Full text of "The American monthly magazine"
H CoUoo Mld Hlj Wmiu J 1IC to Meet McFarland Special to The Washington Jackson s single and scored on Clark s to give the bride away enent at odds of .. Whelen red through Swimmer Daniels to Be Married invite the winning crew in been Tifton street will welcome all interested Nerther ntd shown year Twenty . •meeting of the season in the fire- house with Mrs. John E. Drumnncind', welcomed the group. became the bride of Hugh B. Quigley Jr. .. public is invited. —Mr. and .. June The members are invited, Over- 4,, Members. Mathew has fully welcomed me into Indian country, and his ability to both challenge in which members of the APA's Ethics Committee attended by invitation. .. the reference gist, 43(3), – doi/00// .. Best Practices (Cruz, n.d.) and thus meet all of the Indigenous standards for research.
Wants Men for tbe Army. Suit to have marriage annulled Circuit Court. Helen A Robertson vs. Superior Court, room 8. Indianapolis never before lost so many of Ita citizens for any summer In the memory of the oldest inhabitant as it did this year. In fact an unusually long one. Yet enough people were left to make the Northern resorts seem like parts of the city at home, enough people were left to fill ' car after car when the excursions left for Atlantic City and Boston, so that the passenger men reaped a harvest unprecedented, and enough were left to take advantage of the lew rates to the West until the California visitors became so numerous that the Indianapolis man or woman out there was continually running across some one from home.
Nearly all of the travelers to Europe are either at home or on the eve of sailing, except those who went for an indefinite time. Our minister to Austria, Mr. Harris have welcomed a number of their Indianapolis friends to their home in Vienna.
Consul Gowdy in Paris has extended hospitalities this summer to numerous tourists, ani General and Mrs. Harrison, ifi Paris, received much attention. Consul Holloway, although his permanent location at St. Beveridge, in the far-off Philippines, made explorations which attracted wide interest Among the tourists of last winter who remained long enough to aee the summer visitors were Mr.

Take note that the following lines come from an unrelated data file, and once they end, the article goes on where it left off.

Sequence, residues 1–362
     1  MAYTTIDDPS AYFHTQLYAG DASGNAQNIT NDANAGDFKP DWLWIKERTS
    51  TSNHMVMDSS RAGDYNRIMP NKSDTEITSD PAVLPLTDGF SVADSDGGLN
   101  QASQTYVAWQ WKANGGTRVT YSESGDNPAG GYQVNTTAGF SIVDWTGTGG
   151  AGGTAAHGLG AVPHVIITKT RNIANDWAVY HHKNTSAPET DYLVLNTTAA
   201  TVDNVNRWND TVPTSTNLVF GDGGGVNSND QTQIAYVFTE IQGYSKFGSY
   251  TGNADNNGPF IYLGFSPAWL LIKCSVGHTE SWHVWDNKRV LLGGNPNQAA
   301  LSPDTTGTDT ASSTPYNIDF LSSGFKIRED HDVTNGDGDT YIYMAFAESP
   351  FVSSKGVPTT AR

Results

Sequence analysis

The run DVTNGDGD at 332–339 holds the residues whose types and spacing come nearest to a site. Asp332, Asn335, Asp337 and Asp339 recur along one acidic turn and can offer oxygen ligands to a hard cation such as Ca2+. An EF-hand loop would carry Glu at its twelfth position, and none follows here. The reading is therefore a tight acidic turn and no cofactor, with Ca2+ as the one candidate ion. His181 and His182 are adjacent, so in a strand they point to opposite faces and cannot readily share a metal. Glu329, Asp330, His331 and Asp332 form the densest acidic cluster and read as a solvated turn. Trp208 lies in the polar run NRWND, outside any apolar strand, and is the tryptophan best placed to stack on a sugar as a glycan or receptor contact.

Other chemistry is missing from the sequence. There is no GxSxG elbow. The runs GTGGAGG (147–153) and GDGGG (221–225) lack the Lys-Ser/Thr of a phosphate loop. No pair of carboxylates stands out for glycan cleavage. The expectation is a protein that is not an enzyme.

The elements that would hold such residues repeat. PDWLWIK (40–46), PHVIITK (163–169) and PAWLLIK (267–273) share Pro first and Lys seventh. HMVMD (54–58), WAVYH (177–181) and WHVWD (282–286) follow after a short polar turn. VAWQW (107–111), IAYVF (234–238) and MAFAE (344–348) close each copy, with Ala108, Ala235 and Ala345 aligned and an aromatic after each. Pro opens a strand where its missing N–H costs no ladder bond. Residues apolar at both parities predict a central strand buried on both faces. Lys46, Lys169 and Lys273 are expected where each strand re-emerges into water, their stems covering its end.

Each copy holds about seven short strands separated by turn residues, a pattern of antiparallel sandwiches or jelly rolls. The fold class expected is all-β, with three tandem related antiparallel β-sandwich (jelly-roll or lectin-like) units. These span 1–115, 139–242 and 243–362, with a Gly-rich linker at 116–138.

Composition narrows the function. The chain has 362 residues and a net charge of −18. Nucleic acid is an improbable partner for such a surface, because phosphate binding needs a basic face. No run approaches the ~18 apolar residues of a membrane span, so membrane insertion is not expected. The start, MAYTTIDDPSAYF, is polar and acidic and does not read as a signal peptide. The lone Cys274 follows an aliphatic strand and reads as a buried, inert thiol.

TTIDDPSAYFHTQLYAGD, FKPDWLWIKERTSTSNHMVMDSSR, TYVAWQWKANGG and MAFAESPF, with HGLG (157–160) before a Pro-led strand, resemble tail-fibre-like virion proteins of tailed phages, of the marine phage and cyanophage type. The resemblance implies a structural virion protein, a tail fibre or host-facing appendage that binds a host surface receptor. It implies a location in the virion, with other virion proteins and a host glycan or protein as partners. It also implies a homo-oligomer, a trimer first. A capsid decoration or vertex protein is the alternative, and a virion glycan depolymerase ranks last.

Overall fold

Hugh McGibeny worked all summer at his music, and has omy recently returned. Oscar Henderson have gone to Paris for another year in Europe for the education of their children, and Mr. Thad Rich has been back for the summer, and has delighted the few who have hearl his violin, with the progress which he has made, but" he expects to return to his study again with his European master.
Recently Returned or Retarninff, Mrs. May Wright Sewall brought an honor to her home city by the recognition she received in London by the Internationa! Council of Women, and she and Mrs. Harper—whom Indianapolis still claims— were frequently mentioned In the London papers In connection with London society this last summer.
Sewall has been home several weeks; Mrs. Pierce landed only recently, and is now at her cottage at Maxinkuckee, and Mrs. Harper is still abroad. Dunning and his son, the members of the Dickson party and Mr. Sayles will land in New York September Mrs- Addison Bybee and her daughter have also started, and will land September Henry Schnull is on board a steamer, bound for home, and he will be in the city next week—Friday. Frederick Francke and her family will say farewell to their relatives in Germany in a short time, as they have taken passage for September 23 on a boat leaving Rotterdam.
Clarence Winter, who went over with his father, has extended his sight-seeing for a few weeks, but his ship sailed to-day from France, and he will soon be back. Richie are at present in Switzerland, but they will start for home early next month.
Morrison have started on a trip, the most extended of all, since it will be around the world. In the first part of It they will take the route of Mr. Wallick, who accompanied them, will be home in a short time, as he planned to remain away from business only six v.
Miss Alice Woods will. Europe has become as familiar to the average man, woman and child in the city as New York used to be. At the club men who met in Paris a few weeks ago talk over their experiences as they eat their luncheon between business hours, and the woman of fashion who is in doubt about her winter wardrobe can make a call on any one of several friends, who will be able to tell her all about the latest things In London, Paris and Vienna. In Indiana the most popular resort was apparently Maxinkuckee, and the people who are now returning from there say the social season was a brilliant one.
Among those who care for society the year around, this has been welcome, but some of those who are known as "oldtimers" at Maxinkuckee look on the change with consternation. The time was when a small trunk, fflled with shirt waists, one good dress and a bathing suit was all a woman needed there for a whole season, and the sudden splendor of reception gowns—all in the latest style and two or three for each wearer—has come to daxxle eyes accustomed only to the utmost simplicity during the summer, and desiring only that.